Leaf springs are easy to replace, and you shouldn't need to remove the brake lines. You may have to remove the shocks from the plates, but it's just one bolt on each. I would go ahead and keep the shocks- no reason not to.
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Unread 02-11-2015, 03:50 PM   #8
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Default Re: rear leaf spring

Quote:
Originally Posted by jakesnake27 View Post
Leaf springs are easy to replace, and you shouldn't need to remove the brake lines. You may have to remove the shocks from the plates, but it's just one bolt on each. I would go ahead and keep the shocks- no reason not to.
Thanks. I kinda figured it wouldn't hurt to keep them.
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Unread 02-11-2015, 06:14 PM   #9
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Default Re: rear leaf spring

The biggest misconception of shocks is that people think they carry the weight like the springs,so if you have heavier springs,the shocks aren't needed anymore.Shocks are meant to dampen bouncing,giving a smoother ride,thats it,unless they are a coil-over like on a Yamaha cart.Always run the shocks.Hope this helps.
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Unread 02-22-2015, 12:36 PM   #10
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Default Re: rear leaf spring

Yesterday, I replaced my old single leaf rear springs with new (American made) three leaf springs. Big difference in weight, I might add.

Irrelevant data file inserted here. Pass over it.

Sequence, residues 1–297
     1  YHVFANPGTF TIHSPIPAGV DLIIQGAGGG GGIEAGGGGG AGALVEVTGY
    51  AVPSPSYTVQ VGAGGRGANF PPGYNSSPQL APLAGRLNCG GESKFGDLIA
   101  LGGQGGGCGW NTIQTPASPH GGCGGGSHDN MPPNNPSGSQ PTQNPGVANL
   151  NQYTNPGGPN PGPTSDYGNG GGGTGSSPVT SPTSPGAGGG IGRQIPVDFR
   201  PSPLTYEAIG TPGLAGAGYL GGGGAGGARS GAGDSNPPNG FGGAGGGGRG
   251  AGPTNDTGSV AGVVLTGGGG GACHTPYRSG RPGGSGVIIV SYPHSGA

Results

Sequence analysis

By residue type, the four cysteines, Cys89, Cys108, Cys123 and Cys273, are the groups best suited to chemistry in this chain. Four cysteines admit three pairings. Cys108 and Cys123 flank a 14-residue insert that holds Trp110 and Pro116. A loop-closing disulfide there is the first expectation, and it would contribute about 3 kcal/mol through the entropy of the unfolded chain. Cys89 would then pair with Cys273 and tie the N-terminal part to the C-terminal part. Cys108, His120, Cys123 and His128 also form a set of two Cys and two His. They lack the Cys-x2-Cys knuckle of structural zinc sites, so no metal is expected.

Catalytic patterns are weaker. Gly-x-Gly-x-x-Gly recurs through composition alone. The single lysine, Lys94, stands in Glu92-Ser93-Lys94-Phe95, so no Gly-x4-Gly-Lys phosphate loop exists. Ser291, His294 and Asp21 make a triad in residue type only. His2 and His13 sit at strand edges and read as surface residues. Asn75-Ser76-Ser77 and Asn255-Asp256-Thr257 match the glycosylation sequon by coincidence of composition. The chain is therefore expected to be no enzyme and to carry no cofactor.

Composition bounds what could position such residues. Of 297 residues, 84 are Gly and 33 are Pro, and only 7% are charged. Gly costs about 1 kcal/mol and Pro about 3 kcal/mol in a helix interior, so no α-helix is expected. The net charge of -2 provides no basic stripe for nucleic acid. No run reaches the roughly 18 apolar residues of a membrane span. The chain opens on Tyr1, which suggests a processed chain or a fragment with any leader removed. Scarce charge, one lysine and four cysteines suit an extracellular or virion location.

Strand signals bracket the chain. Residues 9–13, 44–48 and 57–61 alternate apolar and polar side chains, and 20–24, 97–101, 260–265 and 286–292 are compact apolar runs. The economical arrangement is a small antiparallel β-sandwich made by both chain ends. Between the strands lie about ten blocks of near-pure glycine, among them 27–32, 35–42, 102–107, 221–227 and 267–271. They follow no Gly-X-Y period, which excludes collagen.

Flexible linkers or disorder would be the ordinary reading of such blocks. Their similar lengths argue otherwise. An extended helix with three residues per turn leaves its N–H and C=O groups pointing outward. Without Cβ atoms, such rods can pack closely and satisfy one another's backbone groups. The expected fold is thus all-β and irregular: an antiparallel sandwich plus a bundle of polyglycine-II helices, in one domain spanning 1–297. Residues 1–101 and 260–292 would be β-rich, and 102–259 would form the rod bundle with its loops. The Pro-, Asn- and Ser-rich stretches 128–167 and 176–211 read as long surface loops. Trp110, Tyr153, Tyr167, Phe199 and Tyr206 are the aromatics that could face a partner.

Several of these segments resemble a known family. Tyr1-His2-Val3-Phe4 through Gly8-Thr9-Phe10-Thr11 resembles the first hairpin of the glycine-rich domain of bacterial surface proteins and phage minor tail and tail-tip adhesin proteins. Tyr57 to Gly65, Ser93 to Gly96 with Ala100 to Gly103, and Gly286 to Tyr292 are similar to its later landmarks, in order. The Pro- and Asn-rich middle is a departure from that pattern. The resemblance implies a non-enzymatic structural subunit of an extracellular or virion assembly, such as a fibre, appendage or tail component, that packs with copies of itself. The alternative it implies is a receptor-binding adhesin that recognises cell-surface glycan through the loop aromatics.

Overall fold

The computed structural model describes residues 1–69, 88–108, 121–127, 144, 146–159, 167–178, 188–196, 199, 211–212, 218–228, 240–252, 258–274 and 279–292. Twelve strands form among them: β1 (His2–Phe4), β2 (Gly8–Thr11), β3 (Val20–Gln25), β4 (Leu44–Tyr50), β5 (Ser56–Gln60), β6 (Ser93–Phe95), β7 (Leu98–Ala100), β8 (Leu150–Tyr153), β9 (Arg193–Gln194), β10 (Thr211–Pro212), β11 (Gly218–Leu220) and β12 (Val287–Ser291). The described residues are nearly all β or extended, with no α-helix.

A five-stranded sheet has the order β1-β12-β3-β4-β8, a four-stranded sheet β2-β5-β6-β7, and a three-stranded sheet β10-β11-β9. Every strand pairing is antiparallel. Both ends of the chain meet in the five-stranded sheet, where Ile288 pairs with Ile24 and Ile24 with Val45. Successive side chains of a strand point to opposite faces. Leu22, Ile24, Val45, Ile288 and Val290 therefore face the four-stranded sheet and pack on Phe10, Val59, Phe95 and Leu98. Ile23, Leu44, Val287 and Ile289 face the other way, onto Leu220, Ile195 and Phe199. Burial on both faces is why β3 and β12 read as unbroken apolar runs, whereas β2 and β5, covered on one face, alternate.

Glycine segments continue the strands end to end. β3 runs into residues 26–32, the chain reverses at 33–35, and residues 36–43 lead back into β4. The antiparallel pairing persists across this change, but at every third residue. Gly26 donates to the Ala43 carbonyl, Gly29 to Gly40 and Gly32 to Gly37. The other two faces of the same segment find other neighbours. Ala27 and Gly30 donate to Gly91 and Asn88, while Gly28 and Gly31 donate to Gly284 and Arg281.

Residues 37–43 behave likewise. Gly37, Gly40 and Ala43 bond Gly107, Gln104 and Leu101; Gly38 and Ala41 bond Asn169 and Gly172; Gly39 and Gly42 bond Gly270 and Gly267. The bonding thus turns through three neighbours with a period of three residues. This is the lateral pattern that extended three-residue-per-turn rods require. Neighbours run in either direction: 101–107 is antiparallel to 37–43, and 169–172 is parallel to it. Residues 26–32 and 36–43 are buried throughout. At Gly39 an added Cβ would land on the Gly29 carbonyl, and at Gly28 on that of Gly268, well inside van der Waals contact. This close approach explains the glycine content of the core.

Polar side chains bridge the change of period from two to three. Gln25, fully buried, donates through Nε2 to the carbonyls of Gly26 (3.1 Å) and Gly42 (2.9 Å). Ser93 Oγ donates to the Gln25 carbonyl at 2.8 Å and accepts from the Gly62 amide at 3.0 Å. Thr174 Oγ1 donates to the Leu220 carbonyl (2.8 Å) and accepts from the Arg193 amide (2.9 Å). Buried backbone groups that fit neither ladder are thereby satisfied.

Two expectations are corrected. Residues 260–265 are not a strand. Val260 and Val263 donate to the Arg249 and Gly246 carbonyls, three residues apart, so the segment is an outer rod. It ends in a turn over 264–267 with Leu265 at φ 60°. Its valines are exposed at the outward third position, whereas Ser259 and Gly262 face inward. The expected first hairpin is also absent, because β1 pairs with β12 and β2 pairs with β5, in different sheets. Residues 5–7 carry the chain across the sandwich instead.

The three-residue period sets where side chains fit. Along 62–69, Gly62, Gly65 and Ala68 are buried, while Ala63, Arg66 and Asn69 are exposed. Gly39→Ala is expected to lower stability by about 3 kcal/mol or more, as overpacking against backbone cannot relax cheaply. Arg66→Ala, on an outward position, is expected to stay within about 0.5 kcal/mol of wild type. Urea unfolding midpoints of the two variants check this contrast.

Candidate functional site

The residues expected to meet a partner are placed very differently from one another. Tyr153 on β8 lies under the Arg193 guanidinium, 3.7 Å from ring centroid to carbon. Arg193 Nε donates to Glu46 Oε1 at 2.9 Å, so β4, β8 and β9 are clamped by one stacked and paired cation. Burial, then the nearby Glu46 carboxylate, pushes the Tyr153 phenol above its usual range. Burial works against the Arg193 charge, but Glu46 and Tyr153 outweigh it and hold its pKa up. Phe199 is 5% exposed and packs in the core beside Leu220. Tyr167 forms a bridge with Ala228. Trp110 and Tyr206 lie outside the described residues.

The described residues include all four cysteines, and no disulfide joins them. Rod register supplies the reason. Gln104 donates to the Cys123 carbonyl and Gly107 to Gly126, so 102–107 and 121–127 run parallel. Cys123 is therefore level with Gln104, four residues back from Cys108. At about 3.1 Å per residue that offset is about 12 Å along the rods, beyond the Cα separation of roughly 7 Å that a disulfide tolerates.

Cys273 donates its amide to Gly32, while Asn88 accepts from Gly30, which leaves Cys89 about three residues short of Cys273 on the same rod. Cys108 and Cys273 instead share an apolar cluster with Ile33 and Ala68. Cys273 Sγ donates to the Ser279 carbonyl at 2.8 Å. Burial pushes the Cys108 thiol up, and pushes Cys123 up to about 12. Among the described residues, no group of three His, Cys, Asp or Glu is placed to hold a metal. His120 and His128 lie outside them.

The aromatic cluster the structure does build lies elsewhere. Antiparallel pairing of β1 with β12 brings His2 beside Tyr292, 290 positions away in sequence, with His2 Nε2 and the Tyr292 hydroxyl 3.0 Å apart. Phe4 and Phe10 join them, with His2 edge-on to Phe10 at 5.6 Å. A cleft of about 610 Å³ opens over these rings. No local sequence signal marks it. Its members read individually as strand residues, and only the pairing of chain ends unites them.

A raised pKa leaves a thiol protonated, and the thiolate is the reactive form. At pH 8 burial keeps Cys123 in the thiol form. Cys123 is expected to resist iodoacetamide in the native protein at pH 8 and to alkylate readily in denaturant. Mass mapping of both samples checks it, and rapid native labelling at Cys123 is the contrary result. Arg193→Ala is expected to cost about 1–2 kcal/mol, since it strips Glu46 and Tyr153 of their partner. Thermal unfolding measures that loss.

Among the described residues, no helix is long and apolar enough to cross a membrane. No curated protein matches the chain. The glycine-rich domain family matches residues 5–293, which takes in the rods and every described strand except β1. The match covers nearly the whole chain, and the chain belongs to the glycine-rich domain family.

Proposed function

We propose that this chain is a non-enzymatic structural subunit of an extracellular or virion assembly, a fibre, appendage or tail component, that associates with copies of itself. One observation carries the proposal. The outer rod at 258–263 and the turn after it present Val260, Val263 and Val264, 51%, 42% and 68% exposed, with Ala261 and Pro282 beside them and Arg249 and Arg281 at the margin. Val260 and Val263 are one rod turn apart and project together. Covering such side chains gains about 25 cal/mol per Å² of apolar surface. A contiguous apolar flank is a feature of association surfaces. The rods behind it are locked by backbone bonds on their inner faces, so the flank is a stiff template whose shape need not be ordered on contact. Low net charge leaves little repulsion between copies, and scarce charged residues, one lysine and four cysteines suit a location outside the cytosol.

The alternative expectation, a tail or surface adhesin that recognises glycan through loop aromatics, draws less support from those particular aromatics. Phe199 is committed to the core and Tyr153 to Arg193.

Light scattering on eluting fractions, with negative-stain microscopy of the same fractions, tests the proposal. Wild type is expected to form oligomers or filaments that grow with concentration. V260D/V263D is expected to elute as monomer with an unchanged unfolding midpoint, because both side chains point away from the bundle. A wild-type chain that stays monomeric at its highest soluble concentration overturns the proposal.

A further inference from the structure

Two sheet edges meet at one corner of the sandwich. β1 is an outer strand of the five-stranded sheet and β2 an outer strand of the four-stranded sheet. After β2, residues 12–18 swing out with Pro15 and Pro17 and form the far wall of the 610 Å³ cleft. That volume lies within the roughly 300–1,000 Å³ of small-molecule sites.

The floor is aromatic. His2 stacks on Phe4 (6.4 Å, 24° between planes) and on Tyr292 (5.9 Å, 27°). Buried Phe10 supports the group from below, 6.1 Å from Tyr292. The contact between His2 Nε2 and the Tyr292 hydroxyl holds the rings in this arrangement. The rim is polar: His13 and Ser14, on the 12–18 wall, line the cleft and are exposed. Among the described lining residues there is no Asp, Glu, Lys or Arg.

Never having replaced them before, it was an interesting experience. My wife wanted me to get someone else to do it, but then you miss out on the knuckle busting.

Getting the springs off was a breeze. I had soaked them with PB Blaster a week ago. Much to my chagrin, it took hours to install the new spring on one side, and then no time at all to install the other side. On the first side, I made the mistake of attaching the front of the spring first. Of course the new bushings were so tight that I had to hammer it into place. Then, lining up the holes was a real pain. After wrestling with that for a long and frustrating period, I tried to get the center lined up, under the axle and found out that it would not line up . SO, I went back and removed the front connection and then started at the center. And, by the way, I did reattach the shock. The other side went on without a hitch. I had learned from my mistakes on the previous side and skipped those blunders. Of course, I did this in my driveway, laying on my back. Would I do it again, knowing what I know now? Sure. I learned from my mistakes, and now it shouldn't take as long. Using a motorcycle lift on one side, really helps. I used a floor jack on the axle to take stress off the springs when I removed them.

I really like this old series cart. It is going to be my "rat cart" for a while. It runs great, even though, there is never enough speed. Just enough to keep me from getting a ticket, I guess. Top speed is about 23-25mph, which is still faster than legal here. Even though I can go that fast, I am consistently passed by some old fart that is going about 30mph. Oh well.